JOE: I hitchhiked around Europe, John. Me and a couple of friends of mine got disillusioned with the music because U2 went off to London and they were doing a residency at the Hope & Anchor Pub in London, a famous music venue in London. They contacted us to say, “Come over and we’ll do the same thing that we did at the Baggot Inn”. We couldn’t get our act together, we didn’t have a good-enough manager. So I suppose in a fit of how it is when something falls through, a couple of friends and I caught a flight to Madrid because it was the cheapest flight that was going. I think it was about a tenner one way so we all hopped on the plane, not having a clue where we were going. We were just scattering ourselves to the four winds. We hitchhiked all over Europe. I was hoping to get to Moscow or Istanbul to do something epic but I ended up in Amsterdam. Most of my time there was a bit of a drunken haze. One night I got mugged and that night I suppose I fell into a pit of despair. I just felt that all of my hopes and dreams … I knew I had hopes and dreams in my heart but they were all slipping through my fingers and I couldn’t manage it. I couldn’t control it. It is hard to articulate exactly what despair is in words, what profound despair is. I seriously and intentionally considered suicide that night.

ME: But something stopped you?

JOE: Yes, John. Again it is hard to articulate. At the age of six in Dublin’s docklands I came very close to drowning. I can still remember it to this moment. I can remember it vividly and as I was preparing to throw myself into a canal in Amsterdam, I got a complete flashback to that event at six years of age. It may sound crazy to some people but it was as if a voice was saying to me, “What you’re doing is wrong”. It shook me to the core of my being. There’s a lovely line in that poem ‘Missing God’ …

ME: Oh I know that poem! It’s in one of my blogs!.

JOE: And the guy says something about missing the tug of a runaway kite or something like that. Missing God like a runaway kite would miss the tug of someone who was controlling it. And I felt as if I’d got a tug that night as if something was pulling me back from the jaws of suicide saying, “This is wrong”. I came back to Dublin then and I was totally in despair because I’d gone off hitchhiking around Europe wondering if I would end up in Istanbul or Moscow and get arrested or something like that at least. But here I was and I was forced to admit that my life was falling apart and I was sinking into quiet despair.

ME: But somehow you went from there to faith in the Lord?

JOE: Yes, it’s a very long story but I was given a copy of the New Testament. This guy – I was an atheist punk rocker and he was bananas about Jesus. I was terrified that I would get whatever he had. He gave me a New Testament and I threw it beside my bedside locker. Inexplicably I started to read it. Now I know that the ‘inexplicably’ was because this guy who was bananas about Jesus was telling people in his prayer meeting to pray for this fella who was an atheist punk rocker who took a New Testament from him. But I didn’t know that until afterwards. So I began reading it. I was always interested in history and famous people and I thought to myself, I’m reading about Jesus Christ. He’s somebody famous and I can quote him at parties and pretend to be very intelligent. So I read Matthew’s Gospel and by the time I had finished Matthew’s Gospel, a revolution had taken place in my heart and mind and soul. I can only say that the closest way of articulating it is in John Newton’s hymn where he says, “It was grace that taught my heart to fear / And grace my fears relieved / How precious did that grace appear / the hour I first believed”. Now I can only say that here I am reading Matthew’s Gospel as an atheist punk rocker and I began to fear that I wasn’t right with God. What if all of this is real?! I could go on at length.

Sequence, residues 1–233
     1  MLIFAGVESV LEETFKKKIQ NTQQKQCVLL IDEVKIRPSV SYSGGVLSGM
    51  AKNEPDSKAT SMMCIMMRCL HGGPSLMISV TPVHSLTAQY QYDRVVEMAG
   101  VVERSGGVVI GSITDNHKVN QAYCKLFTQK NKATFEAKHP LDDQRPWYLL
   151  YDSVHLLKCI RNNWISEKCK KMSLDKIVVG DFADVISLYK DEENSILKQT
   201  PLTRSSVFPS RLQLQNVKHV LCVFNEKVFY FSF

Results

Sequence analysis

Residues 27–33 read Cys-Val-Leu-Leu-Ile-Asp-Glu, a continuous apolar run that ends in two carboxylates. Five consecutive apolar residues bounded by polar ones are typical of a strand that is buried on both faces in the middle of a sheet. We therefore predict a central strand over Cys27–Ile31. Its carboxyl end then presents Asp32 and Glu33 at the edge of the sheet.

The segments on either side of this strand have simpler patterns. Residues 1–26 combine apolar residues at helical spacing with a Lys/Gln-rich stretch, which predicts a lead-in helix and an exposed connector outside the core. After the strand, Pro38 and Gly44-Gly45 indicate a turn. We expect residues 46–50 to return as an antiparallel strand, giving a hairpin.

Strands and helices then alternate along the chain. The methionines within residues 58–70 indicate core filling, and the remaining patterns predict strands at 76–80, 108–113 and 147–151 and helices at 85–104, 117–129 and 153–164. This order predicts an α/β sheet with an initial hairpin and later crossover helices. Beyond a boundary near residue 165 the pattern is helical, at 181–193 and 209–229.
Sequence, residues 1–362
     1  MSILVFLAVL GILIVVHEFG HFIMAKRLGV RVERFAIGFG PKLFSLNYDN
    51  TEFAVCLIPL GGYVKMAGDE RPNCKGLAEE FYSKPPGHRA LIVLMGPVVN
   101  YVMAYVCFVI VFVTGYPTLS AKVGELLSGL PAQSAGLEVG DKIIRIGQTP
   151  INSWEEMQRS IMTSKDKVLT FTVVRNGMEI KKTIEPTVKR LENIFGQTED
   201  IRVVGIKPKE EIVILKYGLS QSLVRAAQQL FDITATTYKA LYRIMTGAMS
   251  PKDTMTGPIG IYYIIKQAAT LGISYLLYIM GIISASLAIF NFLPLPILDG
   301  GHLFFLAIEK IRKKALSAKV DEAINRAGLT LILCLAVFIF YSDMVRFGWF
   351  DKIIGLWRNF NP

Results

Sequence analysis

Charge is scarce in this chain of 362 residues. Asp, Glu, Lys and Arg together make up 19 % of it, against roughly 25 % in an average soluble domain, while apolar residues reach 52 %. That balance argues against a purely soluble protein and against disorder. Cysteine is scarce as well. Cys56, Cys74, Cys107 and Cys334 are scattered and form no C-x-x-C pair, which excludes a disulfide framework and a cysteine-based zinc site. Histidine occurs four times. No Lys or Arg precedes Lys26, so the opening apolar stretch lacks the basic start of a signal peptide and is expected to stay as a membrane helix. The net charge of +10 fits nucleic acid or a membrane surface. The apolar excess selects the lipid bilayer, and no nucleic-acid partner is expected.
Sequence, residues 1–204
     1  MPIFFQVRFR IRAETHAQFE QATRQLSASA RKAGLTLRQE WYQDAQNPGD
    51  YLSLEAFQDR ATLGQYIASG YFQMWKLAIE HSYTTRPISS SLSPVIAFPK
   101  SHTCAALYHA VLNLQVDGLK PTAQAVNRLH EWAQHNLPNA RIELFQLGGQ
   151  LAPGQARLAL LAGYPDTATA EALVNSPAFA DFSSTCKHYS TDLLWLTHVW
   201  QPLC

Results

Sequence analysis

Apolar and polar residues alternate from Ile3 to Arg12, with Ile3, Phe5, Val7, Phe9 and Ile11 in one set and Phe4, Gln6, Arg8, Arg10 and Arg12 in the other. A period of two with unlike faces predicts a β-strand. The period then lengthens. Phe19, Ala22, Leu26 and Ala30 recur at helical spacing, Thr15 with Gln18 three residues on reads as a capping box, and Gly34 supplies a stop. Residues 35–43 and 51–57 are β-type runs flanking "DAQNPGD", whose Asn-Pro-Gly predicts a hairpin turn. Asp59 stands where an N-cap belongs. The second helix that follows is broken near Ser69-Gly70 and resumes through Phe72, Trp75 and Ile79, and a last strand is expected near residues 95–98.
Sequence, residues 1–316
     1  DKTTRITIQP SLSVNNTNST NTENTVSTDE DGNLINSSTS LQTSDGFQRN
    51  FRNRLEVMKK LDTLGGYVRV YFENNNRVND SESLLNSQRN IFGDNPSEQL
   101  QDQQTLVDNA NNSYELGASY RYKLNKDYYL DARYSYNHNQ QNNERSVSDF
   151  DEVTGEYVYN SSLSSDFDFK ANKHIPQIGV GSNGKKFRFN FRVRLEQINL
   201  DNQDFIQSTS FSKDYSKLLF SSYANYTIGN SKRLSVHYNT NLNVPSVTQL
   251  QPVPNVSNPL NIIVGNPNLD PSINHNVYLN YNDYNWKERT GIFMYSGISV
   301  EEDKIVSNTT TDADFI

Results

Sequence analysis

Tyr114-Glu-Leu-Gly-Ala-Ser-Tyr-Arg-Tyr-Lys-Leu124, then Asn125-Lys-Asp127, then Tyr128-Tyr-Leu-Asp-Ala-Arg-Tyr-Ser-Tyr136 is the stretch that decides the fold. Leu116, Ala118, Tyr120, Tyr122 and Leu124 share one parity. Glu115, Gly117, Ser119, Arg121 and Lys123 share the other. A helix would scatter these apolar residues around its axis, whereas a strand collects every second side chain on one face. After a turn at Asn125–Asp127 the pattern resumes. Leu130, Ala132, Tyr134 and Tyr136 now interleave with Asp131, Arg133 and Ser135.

ME: So you became bananas about Jesus?

JOE: Well, I don’t think I could nail down a particular fruit but let’s say that the fruit of the Spirit began to develop in my life!

ME: Joe, it was quite a few years after that that you and I first met.

JOE: Can I stop you there, John? Sorry about that. There’s a further question further down on your list where you say that the old mission hall came back into my life again. If you won’t mind my suggesting it, it would be better to introduce that point at this stage.

ME: Go ahead. Tell us about the mission hall. It came into your life again?

JOE: That all happens before we met at the Irish Bible Institute. Within a year of me surrendering my life to Jesus, John, I felt that the Lord was leading me into Christian work in Ireland and to give up my job which was quite a cataclysmic event for me. I had a good job in the maintenance department of a hospital in Dublin. I was promoted up the ranks and all that kind of stuff. I give up my job and I begin working and part of my work then is to develop work in the inner city. And after a while we’re seeing a lot of stuff happening in Sherriff Street and Sean MacDermott Street in inner-city Dublin. Children, youth and community work. It got to the stage where that was taking up more and more of my time. We knew we had to pray and ask the Lord for some sort of place where we could locate in the inner-city area and I was praying about an office and a little desk and a window and a phone. The Lord led us to this place – the old mission hall that we had vandalised as kids and had a third of an acre of a site in the inner city.